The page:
Topic 1: Lifestyle, health and risk Students will be assessed on their ability to

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1 Demonstrate knowledge and understanding of the practical and investigative skills identified in numbers 4 and 5 in the table of How Science Works on page 13 of this specification. 2 Explain the importance of water as a solvent in transport, including its dipole nature. 3 Distinguish between monosaccharides, disaccharides and polysaccharides (glycogen and starch — amylose and amylopectin) and relate their structures to their roles in providing and storing energy (β-glucose and cellulose are not required in this topic). 4 Describe how monosaccharides join to form disaccharides (sucrose, lactose and maltose) and polysaccharides (glycogen and amylose) through condensation reactions forming glycosidic bonds, and how these can be split through hydrolysis reactions. 5 Describe the synthesis of a triglyceride by the formation of ester bonds during condensation reactions between glycerol and three fatty acids and recognise differences between saturated and unsaturated lipids. 6 Explain why many animals have a heart and circulation (mass transport to overcome limitations of diffusion in meeting the requirements of organisms). 7 Describe the cardiac cycle (atrial systole, ventricular systole and diastole) and relate the structure and operation of the mammalian heart to its function, including the major blood vessels. 8 Explain how the structures of blood vessels (capillaries, arteries and veins) relate to their functions. 9 Describe how the effect of caffeine on heart rate in Daphnia can be investigated practically, and discuss whether there are ethical issues in the use of invertebrates. 10 Describe the blood clotting process (thromboplastin release, conversion of prothrombin to thrombin and fibrinogen to fibrin) and its role in cardiovascular disease (CVD). 11 Explain the course of events that leads to atherosclerosis (endothelial damage, inflammatory response, plaque formation, raised blood pressure). 12 Describe the factors that increase the risk of CVD (genetic,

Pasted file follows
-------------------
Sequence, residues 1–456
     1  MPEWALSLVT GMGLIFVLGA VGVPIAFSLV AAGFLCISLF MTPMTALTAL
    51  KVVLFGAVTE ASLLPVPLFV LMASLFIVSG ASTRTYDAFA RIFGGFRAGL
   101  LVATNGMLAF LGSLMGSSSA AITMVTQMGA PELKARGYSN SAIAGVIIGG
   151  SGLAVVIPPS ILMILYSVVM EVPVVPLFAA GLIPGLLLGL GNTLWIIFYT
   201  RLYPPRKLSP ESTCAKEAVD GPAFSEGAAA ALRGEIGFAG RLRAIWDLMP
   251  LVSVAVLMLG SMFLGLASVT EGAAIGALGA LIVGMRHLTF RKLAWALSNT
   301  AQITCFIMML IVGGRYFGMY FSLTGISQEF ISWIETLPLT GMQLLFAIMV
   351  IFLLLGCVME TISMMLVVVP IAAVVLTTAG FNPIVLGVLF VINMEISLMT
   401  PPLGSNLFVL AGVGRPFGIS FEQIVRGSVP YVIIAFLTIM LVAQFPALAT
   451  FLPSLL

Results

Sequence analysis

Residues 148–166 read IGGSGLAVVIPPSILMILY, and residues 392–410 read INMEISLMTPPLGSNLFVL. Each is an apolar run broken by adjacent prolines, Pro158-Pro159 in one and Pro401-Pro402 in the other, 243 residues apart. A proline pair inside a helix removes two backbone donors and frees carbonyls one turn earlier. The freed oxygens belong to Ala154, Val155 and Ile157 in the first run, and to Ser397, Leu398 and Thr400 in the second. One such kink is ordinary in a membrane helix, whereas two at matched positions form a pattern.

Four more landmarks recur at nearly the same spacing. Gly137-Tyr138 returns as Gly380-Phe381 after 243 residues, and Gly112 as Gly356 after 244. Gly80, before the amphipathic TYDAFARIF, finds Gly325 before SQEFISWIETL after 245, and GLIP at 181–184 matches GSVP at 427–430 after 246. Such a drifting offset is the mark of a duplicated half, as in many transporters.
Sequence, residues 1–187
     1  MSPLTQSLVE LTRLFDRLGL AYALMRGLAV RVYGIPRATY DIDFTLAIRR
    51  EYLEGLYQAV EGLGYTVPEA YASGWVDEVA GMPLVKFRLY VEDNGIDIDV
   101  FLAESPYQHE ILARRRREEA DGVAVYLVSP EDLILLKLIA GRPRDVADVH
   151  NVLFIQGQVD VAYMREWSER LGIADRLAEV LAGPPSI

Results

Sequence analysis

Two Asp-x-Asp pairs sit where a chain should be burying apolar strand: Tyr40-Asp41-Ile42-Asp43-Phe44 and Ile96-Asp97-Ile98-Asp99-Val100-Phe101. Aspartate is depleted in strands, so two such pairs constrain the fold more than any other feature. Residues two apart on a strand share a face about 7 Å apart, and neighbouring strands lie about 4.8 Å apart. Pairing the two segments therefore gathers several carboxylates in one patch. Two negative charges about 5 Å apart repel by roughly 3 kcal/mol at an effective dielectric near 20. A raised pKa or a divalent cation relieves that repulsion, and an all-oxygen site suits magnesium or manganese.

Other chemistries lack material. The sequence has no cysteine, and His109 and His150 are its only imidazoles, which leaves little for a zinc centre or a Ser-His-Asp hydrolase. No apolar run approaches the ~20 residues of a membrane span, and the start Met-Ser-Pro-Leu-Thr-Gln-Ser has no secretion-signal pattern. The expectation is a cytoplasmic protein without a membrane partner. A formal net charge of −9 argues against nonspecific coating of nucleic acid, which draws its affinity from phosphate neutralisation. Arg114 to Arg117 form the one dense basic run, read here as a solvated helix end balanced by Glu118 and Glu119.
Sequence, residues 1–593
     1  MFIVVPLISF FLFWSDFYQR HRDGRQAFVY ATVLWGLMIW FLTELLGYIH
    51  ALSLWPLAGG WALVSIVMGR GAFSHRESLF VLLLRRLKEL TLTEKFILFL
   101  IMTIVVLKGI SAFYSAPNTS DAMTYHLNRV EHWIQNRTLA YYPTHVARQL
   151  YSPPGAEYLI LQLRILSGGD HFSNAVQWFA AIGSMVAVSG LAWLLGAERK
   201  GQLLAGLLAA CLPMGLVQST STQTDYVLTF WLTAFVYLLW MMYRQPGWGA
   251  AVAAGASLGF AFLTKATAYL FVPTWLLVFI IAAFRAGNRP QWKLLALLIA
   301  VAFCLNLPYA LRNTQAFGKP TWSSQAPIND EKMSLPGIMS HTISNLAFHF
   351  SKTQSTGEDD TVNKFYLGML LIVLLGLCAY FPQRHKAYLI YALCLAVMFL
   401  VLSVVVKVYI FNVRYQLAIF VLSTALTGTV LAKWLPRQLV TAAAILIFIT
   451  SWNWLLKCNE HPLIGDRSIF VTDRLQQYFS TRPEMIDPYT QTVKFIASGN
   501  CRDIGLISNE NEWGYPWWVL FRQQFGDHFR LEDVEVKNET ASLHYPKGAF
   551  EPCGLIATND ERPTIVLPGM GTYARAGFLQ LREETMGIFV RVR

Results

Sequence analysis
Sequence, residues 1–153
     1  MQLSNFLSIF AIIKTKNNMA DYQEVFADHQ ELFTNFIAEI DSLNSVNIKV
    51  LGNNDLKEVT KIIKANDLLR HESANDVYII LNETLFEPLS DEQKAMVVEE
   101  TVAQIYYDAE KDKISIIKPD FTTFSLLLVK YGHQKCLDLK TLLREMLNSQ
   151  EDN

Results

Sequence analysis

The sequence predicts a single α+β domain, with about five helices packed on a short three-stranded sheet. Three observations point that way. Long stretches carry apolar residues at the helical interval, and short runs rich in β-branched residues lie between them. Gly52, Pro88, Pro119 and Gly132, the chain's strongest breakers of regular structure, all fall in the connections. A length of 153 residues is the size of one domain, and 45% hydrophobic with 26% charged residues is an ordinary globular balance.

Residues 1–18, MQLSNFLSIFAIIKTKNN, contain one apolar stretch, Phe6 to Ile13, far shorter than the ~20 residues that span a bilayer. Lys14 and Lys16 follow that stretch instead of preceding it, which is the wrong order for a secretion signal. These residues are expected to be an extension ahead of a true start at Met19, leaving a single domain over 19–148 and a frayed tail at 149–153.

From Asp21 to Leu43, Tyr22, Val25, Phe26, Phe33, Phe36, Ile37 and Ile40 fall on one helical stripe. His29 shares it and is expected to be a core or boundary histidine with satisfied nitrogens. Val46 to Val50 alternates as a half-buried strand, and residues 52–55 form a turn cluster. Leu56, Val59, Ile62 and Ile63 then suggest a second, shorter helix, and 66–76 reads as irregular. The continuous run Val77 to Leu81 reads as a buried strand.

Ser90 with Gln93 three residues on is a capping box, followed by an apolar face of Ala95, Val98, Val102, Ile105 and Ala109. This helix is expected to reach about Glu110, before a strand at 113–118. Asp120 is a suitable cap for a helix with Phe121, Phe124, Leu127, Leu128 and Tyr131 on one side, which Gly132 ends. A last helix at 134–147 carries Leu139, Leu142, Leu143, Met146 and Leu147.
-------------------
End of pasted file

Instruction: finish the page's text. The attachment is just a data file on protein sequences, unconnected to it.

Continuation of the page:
high blood pressure. including weight loss. plant statins. 15 Discuss how people use scientific knowledge about the effects of diet (including obesity indicators). gender. weight gain. . age. 14 Analyse and interpret data on the possible significance for health of blood cholesterol levels and levels of high-density lipoproteins (HDLs) and low-density lipoproteins (LDLs). 17 Analyse data on energy budgets and diet so as to be able to discuss the consequences of energy imbalance. and development of obesity. exercise and smoking to reduce their risk of coronary heart disease. 16 Describe how to investigate the vitamin C content of food and drink. Describe the evidence for a causal relationship between blood cholesterol levels (total cholesterol and LDL cholesterol) and CVD.diet. 13 Describe the benefits and risks of treatments for CVD (antihypertensives. anticoagulants and platelet inhibitory drugs). 20 Explain why people’s perceptions of risks are often different from the actual risks (including underestimating and overestimating the risks due to diet and other lifestyle factors in the development of heart disease). smoking and inactivity). 18 Analyse and interpret quantitative data on illness and mortality rates to determine health risks (including distinguishing between correlation and causation and recognising conflicting evidence) 19 Evaluate design of studies used to determine health risk factors (including sample selection and sample size used to collect data that is both valid and reliable).

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